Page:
A pile of debris grows daily behind the Carenage Fish Market, where fisherfolk say they have been ignored and neglected by management for at least one year.

Discarded wooden frames and heaps of plastic waste and refuse have carpeted parts of the facility’s exterior since its opening in 2018, according to a fisherfolk representative who spoke to the Express in November on behalf of those housed at the market.

The representative, who asked not to be identified, said that the $28 million facility has been faced by a number of problems throughout the years. But the lack of garbage disposal methods and storage has resulted in the ever-growing pile that has been ignored by the market’s management.

In lieu of larger commercial bins, the representative said that the facility is instead lined with empty barrels for disposal. And fishermen, they added, often had no choice but to dispose of larger quantities of waste by adding to the pile.

“There are no garbage bins on the compound for when the fishermen do any work with their boats, everything is dumped on this big pile of rubbish in the back. It’s like the fish market is pretty from the front and a disaster in the back. The issue with the garbage is supposed to fall under whoever is running the compound,” said the representative.

“To begin, they can’t have this compound and not have proper disposals. There is nothing, not a big commercial bin to put things in, everything is just in a pile. It’s been there since last year. It’s all kinds of old boats and old garbage. If anyone does any kind of work, it remains there. There are barrels that we dispose of the smaller trash in but it simply is not enough for the volume of things we have to dispose of.”

The facility currently falls within the remit of the Caribbean Fisheries Training and Development Institute (CFTDI) and the Urban Development Corporation of Trinidad and Tobago (UDeCOTT). According to the representative, the issue of disposal has been brought before both bodies on multiple occasions. However, to date, nothing has been done to address it.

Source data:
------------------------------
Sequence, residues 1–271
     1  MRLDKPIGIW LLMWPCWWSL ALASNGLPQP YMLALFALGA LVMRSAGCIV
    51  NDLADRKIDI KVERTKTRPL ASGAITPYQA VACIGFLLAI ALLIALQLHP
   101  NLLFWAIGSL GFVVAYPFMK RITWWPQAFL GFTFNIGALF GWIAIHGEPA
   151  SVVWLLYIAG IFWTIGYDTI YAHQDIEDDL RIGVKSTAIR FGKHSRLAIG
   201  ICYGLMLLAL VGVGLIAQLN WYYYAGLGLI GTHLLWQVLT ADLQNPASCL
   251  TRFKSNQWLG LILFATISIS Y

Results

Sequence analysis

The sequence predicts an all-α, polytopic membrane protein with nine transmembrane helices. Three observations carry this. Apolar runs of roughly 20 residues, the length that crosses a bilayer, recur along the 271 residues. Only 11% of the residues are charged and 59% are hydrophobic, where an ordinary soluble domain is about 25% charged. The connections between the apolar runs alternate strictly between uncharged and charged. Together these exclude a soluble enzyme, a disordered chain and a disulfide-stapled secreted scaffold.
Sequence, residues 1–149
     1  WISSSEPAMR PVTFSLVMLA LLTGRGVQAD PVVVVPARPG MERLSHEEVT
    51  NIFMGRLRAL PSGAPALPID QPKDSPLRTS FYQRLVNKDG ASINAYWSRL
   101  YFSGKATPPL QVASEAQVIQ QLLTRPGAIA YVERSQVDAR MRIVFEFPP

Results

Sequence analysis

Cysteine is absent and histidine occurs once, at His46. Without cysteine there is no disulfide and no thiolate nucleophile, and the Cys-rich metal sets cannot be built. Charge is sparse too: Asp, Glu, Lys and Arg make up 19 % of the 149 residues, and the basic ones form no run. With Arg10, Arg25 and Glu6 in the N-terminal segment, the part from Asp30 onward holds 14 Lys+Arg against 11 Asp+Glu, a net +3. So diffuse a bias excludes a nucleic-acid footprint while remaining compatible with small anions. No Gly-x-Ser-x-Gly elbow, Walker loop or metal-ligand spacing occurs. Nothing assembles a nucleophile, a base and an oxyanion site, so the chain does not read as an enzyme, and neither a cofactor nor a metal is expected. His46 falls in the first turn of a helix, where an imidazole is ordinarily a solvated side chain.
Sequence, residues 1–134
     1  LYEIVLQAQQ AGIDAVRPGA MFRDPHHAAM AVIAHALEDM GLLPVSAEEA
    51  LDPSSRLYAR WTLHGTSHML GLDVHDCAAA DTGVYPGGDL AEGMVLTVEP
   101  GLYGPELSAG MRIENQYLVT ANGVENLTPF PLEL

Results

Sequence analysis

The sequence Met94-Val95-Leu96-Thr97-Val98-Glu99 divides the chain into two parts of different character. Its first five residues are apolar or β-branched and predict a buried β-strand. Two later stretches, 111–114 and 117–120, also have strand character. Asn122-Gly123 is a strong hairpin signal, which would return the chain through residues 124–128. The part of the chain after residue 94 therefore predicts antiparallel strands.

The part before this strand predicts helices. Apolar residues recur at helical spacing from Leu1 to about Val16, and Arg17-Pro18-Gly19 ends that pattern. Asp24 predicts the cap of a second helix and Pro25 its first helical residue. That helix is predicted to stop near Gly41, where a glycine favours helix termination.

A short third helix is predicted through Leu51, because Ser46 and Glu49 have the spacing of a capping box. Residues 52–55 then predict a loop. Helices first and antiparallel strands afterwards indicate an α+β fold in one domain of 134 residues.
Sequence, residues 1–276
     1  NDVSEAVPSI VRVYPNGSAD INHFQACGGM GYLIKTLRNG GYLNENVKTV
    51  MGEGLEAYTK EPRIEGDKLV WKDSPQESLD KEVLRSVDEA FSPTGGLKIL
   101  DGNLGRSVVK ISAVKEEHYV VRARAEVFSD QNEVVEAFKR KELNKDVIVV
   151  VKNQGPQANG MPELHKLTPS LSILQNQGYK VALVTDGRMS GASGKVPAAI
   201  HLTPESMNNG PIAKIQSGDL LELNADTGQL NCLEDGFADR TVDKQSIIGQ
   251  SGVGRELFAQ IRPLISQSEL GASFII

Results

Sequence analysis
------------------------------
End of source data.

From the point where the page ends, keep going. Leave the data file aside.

‘Out of control’

“Everything is out of control. It’s like right now, the fisherfolks have an association...within that association, the CFTDI runs the fish market with UDeCOTT. On one hand, you hear UDeCOTT has to deal with it and then the CFTDI. CFTDI is saying their hands are tied because of UDeCOTT and UDeCOTT is saying it is CFTDI that is responsible for certain things. Before they came in there was a big bin in front. When they started doing the work and finishing off the market, that was removed,” they said.

And in addition to this issue, they said, fishermen housed at the facility now feel as though it does not serve their interests. Overcrowding of boats, a lack of security, and limited opening hours are only some of the concerns listed by the representative.

“Nothing is in place for the fishermen in the back. It is a pretty fish market; come buy fish and go, but in terms of the functioning, nothing is really in place. Right now, they have 100 boats but no facilities to house the number of boats here. If we were to have a disaster to pull up boats in the water, we can’t do that.